One of my favorite seasonals of the year is beginning to show up on taps and in bottles, and I couldn’t be happier. Fresh hop beers, also known as wet hop beers, are brewed with freshly picked hops during the height of the annual hop harvest, which typically lasts from late August through October, depending on the hop variety and growing region. No seasonal beer is aligned closer to the harvest.
Fresh hop beer was first commercially brewed by Sierra Nevada Brewing Co. nearly two decades ago, and the brewery continues to be an innovator in hopping methods.
A growing number of breweries have followed Sierra Nevada’s lead by brewing their own fresh hop beers, especially in the Pacific Northwest, which is the major hop-growing region in the United States. Breweries farther away from this region also brew fresh hop beers, but if they don’t have access to a nearby hop farm they have the added challenge of getting the wet hops all the way from the Northwest to their kettle within a short period of time. Great Divide Brewing Co. of Denver, for example, has its wet hops driven overnight – non-stop – in a refrigerated truck. On the morning of the scheduled hop delivery, brewers begin brewing Great Divide’s Fresh Hop Pale Ale, and they time it just right so that they’re ready to hop the beer just as the truck arrives.
Most fresh hop beers are ales, though some breweries make fresh hop lagers (usually based off of pilsners or festbiers).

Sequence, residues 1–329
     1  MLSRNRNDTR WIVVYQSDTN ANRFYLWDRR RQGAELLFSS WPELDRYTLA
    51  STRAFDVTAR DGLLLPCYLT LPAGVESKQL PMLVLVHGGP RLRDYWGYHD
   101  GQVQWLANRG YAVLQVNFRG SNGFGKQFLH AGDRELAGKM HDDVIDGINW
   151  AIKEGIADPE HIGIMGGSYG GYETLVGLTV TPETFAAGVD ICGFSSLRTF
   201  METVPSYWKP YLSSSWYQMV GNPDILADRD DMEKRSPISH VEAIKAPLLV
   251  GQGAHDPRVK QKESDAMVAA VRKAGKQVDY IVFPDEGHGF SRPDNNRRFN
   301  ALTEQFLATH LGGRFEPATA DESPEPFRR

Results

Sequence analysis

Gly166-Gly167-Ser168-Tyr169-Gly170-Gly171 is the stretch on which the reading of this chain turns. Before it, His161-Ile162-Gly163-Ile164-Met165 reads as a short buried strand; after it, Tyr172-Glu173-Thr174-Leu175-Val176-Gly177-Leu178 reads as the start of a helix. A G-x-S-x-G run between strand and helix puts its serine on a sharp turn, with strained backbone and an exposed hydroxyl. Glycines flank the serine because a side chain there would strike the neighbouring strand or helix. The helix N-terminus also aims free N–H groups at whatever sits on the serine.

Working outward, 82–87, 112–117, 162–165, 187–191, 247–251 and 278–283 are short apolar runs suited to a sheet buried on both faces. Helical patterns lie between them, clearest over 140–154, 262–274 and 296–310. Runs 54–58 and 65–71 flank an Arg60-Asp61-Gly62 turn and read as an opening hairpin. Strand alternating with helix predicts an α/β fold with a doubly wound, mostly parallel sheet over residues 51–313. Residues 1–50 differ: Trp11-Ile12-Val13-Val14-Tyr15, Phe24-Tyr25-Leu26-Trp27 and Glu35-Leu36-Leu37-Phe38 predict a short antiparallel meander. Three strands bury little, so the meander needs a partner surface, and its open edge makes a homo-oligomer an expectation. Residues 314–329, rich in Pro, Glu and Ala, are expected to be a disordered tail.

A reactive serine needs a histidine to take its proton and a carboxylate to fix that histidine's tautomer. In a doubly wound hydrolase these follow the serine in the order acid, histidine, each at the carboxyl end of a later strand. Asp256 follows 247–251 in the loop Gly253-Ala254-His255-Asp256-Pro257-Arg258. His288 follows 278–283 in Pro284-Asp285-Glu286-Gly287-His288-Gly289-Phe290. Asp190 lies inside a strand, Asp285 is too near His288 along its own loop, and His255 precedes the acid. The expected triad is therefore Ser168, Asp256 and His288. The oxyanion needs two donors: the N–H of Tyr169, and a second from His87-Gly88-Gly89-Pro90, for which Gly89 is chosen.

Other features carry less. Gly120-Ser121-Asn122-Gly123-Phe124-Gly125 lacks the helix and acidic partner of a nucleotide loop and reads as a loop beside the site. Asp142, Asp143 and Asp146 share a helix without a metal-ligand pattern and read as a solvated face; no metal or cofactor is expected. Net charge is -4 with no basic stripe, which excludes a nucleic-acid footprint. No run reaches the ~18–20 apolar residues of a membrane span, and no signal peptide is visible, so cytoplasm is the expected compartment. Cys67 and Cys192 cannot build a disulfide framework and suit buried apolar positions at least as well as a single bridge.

These beers are called “fresh” because the hops are used right after picking, and they’re called “wet” because freshly picked hops have a moisture content of about 80% (after hops are dried in a kiln, their hop moisture content is typically between 8% and 10%).
At harvest time, the hop bines (not to be confused with vines) are cut from their trellises; hop cones (aka flowers) are separated from their stems and leaves; the cones are dried in a kiln; they are processed into pellets, plugs, extract, or they’re left as whole-cone hops; then they are baled or vacuum sealed and placed in cold storage for year-round use. If the hops are not processed shortly after picking (typically within 24 hours), they will become moldy and rotten.
Because you must use four times as many wet hops as dried hops to extract the same amount of bitterness, brewers often use pellet hops for bittering and wet hops toward the end of the boil for flavor and aroma. Doing this is much more efficient, it reduces unwanted vegetal flavors (from having too many whole-cone hops in the kettle), and it allows the wet hops to really shine where they have the most effect on the beer.